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Re: Re immigration, the self-applicable paradox libertarians don't grasp
Reply #17 - May 14th, 2018 at 12:43pm
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Here is a thread which is almost really, really good.

I mean it. I find it fascinating.

There is an undercurrent of distrust and anomisity which is keeping it from becoming a very fruitful discussion.

I am a libertarian who straddles quite comfortably the Rockwell/Hoppe version of libertarianism alongside the more ideologically consistent libertarianism espoused by TL. I understand the position that Patrick is bringing forth in the OP, even if I do not agree with it 100%... or even 50%.

But there is something to the notion that state-managed immigration is not the same as immigration in a truly anarchic society... Private individuals would control immigration across property, and not the state.

I'm all for the free movement of the individual / labor. However, if governments (such as the German government) spend taxpayer money to bring in refugees from Syria? Is that really the free movement of labor? Or manage the immigration through public lands into the country?

So as I said, in a really unstructured and frankly embarrassingly scattered way, I sort of sit between these two ideas on immigration and shrug my shoulders like a stupid moron.
  

Wadsworth wrote on Jun 11th, 2018 at 3:40pm:
You are awfully concerned about who gets to live.  Why is it so important to you?
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Re: Re immigration, the self-applicable paradox libertarians don't grasp
Reply #18 - May 14th, 2018 at 12:50pm
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patrick2 wrote on May 14th, 2018 at 2:37am:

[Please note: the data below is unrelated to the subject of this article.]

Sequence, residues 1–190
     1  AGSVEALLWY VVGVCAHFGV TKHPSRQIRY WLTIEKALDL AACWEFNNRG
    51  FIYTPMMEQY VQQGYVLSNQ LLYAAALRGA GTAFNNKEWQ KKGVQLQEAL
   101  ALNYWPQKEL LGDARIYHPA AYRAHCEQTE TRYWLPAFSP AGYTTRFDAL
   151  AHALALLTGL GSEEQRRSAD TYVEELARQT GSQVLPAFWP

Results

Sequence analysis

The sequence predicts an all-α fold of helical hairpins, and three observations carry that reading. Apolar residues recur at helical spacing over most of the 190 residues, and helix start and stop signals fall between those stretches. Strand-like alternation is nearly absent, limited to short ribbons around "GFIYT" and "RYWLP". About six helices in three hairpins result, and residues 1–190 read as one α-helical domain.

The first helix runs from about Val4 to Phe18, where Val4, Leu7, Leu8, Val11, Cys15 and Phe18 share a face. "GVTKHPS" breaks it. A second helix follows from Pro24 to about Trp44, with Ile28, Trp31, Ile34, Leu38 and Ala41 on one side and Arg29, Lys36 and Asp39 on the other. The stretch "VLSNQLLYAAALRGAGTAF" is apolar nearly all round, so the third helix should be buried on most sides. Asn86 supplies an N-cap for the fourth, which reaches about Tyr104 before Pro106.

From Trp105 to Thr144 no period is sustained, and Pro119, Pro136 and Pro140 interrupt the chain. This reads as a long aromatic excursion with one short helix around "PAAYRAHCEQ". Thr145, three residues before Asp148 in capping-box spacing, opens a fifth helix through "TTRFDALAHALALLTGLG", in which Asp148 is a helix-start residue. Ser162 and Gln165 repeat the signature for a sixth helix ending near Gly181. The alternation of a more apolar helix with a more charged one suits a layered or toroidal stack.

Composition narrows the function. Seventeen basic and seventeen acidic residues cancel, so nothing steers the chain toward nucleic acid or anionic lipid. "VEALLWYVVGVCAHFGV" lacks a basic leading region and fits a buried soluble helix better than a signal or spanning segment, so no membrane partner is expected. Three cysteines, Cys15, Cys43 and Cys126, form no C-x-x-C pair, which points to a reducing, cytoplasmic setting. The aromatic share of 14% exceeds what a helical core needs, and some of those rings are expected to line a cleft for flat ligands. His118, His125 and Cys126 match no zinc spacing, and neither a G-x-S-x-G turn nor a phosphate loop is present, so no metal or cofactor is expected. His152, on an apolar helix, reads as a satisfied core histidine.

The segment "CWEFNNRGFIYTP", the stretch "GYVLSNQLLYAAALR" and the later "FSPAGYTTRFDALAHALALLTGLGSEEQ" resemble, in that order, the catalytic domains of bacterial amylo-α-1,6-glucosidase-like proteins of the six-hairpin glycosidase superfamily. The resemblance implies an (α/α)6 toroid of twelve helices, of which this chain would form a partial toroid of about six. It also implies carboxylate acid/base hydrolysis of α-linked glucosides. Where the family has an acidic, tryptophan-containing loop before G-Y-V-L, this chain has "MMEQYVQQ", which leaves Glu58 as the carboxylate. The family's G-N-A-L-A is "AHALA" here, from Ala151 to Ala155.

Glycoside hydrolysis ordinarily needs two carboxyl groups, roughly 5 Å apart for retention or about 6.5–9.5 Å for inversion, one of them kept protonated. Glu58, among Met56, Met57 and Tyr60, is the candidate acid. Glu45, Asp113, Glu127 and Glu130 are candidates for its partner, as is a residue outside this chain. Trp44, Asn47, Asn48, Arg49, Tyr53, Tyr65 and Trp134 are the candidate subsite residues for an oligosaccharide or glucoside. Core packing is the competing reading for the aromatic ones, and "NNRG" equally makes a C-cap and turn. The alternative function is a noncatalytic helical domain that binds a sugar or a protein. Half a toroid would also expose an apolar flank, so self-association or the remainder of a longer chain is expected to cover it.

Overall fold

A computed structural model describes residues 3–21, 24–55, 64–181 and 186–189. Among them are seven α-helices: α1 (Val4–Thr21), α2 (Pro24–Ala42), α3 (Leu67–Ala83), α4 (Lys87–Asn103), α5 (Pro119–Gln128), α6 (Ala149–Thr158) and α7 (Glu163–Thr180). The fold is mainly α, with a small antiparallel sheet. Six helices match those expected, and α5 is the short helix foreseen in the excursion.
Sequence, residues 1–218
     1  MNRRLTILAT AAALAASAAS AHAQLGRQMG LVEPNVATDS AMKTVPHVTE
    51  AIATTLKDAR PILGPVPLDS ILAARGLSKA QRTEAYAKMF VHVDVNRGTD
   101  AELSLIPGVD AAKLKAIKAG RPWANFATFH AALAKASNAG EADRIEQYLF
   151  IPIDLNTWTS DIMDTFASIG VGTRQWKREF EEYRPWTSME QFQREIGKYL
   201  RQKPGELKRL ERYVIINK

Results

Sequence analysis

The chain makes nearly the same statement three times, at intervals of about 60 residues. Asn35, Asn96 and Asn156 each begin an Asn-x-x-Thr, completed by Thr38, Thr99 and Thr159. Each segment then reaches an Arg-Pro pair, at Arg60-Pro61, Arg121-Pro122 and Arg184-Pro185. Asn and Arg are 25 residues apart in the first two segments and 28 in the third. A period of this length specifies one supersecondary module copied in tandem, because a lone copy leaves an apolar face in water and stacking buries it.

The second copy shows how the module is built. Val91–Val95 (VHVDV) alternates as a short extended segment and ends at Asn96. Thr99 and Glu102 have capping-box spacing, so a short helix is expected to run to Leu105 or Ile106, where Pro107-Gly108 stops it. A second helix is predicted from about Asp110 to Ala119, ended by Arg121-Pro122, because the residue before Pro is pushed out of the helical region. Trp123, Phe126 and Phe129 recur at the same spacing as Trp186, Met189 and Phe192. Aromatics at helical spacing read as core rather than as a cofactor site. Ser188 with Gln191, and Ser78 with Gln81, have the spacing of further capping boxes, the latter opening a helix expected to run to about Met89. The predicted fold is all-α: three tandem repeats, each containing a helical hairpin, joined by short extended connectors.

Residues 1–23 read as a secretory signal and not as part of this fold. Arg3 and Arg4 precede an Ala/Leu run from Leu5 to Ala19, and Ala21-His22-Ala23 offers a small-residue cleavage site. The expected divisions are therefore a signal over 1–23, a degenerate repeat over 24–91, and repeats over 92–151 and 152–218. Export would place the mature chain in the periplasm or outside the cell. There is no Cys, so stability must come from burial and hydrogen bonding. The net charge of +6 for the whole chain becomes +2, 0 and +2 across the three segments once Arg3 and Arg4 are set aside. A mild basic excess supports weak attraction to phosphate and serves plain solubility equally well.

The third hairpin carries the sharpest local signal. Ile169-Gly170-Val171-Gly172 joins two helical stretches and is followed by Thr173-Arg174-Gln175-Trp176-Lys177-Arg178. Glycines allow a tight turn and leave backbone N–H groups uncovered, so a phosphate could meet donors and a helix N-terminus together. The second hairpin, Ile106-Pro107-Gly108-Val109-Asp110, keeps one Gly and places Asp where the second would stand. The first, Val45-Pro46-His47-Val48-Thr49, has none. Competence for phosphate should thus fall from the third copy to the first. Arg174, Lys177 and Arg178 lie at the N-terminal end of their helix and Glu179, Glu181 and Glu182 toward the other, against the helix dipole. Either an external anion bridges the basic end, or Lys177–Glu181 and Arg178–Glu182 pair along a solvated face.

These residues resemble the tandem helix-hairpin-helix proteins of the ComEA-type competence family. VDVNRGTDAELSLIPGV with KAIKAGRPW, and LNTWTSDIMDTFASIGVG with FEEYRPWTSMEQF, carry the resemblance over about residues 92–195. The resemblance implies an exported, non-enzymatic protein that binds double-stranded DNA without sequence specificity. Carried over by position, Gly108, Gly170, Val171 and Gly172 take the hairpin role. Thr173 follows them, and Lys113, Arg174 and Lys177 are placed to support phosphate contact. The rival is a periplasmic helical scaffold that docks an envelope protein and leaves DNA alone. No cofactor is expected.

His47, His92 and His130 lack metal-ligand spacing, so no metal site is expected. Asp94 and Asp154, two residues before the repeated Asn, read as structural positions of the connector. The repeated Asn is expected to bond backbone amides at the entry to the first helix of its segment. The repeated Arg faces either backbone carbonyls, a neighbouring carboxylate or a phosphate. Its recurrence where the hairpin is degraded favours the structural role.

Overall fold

This study is one of the first to estimate the total impact of illegal immigration on the federal budget. Most previous studies have focused on the state and local level and have examined only costs or tax payments, but not both. Based on Census Bureau data, this study finds that, when all taxes paid (direct and indirect) and all costs are considered, illegal households created a net fiscal deficit at the federal level of more than $10 billion in 2002. We also estimate that, if there was an amnesty for illegal aliens, the net fiscal deficit would grow to nearly $29 billion.

Among the findings:
Households headed by illegal aliens imposed more than $26.3 billion in costs on the federal government in 2002 and paid only $16 billion in taxes, creating a net fiscal deficit of almost $10.4 billion, or $2,700 per illegal household.
•Among the largest costs are Medicaid ($2.5 billion); treatment for the uninsured ($2.2 billion); food assistance programs such as food stamps, WIC, and free school lunches ($1.9 billion); the federal prison and court systems ($1.6 billion); and federal aid to schools ($1.4 billion).






Lol

Assuming this info is correct it needs a little perspective.

Illegals contributed $10.4 billion to the federal deficit...while everyone else contributed hundreds of billions more to the deficit.
  

Ignorant Blessings from Wads:

Wadsworth wrote on Jul 2nd, 2018 at 4:13pm:
Watched it.  A shotgun is for long ranged shooting.  That is why hunters like them.  An AR-15 is not.  That video was misleading.

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Re: Re immigration, the self-applicable paradox libertarians don't grasp
Reply #19 - May 14th, 2018 at 1:27pm
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Lomelis wrote on May 14th, 2018 at 12:50pm:
Lol

Assuming this info is correct it needs a little perspective.

Illegals contributed $10.4 billion to the federal deficit...while everyone else contributed hundreds of billions more to the deficit.

More perspective is needed. For this only looks at the taxes they pay versus the welfare spending they consume. While there are other spill over effects.

It doesn't consider how much economic growth the immigrants generate by their presence and thus their impact on tax revenues is understated.

The full "counterfactual" picture is left unclear.